Code of conduct

The following are guidelines drawn up by the committee which if carried out should enable us all to enjoy our tennis more. Members are asked to read and take note, please.

  1. Players should not enter or leave the courts by crossing over a court while a set is in progress. There are two gates for access but do not enter or leave while a point is being played on courts 1, 2 and 3.
  2. Do not walk behind a court while a point is being played.
  3. If a ball from another court ends up on your court, to return it simply roll it safely to the back of the court and not direct to a player unless he/she requests it.
  4. Tennis balls will end up scattered over the court during play, so you should retrieve balls for your partner and your opponent when they are serving to keep the game flowing.
  5. Line calls can be hard to see from the other side of the court so you must call your own lines, ensuring your opponent can hear you.  A ball that touches any part of the line is good.
  6. Always respect the line calls of your opponent because he/she is nearer than you.
  7. If you have a disagreement with your opponent, offer a let. This means you replay the point.
  8. When playing doubles (as we do all the time), remember there are 4 players on court and not 2 so involve everyone. The result does not ultimately matter and if all players are involved it makes for a better game.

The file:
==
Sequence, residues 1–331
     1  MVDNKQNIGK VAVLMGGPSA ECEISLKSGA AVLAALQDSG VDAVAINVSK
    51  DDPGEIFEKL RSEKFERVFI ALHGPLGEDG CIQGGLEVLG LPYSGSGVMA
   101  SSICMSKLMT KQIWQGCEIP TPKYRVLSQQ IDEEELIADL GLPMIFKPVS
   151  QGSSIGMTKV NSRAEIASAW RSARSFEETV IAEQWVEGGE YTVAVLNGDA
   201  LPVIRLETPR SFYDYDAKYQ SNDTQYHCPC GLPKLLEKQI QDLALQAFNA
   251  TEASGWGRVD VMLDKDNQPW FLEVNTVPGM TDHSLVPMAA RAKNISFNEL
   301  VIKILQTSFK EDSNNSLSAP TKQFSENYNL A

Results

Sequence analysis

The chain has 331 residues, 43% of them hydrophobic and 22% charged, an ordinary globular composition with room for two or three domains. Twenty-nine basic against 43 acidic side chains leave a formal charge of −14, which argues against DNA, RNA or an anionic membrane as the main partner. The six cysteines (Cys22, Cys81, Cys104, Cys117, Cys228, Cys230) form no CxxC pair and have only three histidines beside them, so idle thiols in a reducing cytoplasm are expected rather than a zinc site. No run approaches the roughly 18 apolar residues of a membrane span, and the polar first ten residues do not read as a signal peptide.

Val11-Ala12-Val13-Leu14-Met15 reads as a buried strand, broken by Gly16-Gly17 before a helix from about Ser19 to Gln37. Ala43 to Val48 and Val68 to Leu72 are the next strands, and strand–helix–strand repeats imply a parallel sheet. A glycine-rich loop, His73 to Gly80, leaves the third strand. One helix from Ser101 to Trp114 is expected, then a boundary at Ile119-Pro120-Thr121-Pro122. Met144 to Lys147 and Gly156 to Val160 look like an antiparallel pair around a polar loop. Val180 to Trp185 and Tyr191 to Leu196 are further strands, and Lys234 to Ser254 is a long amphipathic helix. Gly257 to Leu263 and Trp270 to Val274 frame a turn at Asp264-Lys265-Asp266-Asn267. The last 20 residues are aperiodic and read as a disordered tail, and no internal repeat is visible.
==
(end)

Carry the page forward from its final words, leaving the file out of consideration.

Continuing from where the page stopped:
9. At the end of a game, all the balls should be left in the net for the next players.
  10. Take your turn at sitting out voluntarily – not just when you have to. Being selfish leads to resentment. When you are setting out, keep an eye on what is happening on court so you are ready to go and play when a set has finished.
  11. No mobile phones to be taken on court.

    Score Keeping
  12. The server is required to announce the score at the start of each game, and also at the start of the second point and each point that follows in each game.

    Body Language
  13. Tennis can be a frustrating game if you are not getting your serves in or not hitting your shots, but try to remain upbeat and happy. Neither your partner nor your opponents want to be playing tennis with someone who is miserable so cheer up! You are more likely to play better tennis if you are calm, relaxed, focussed, and in a positive frame of mind.

March 2019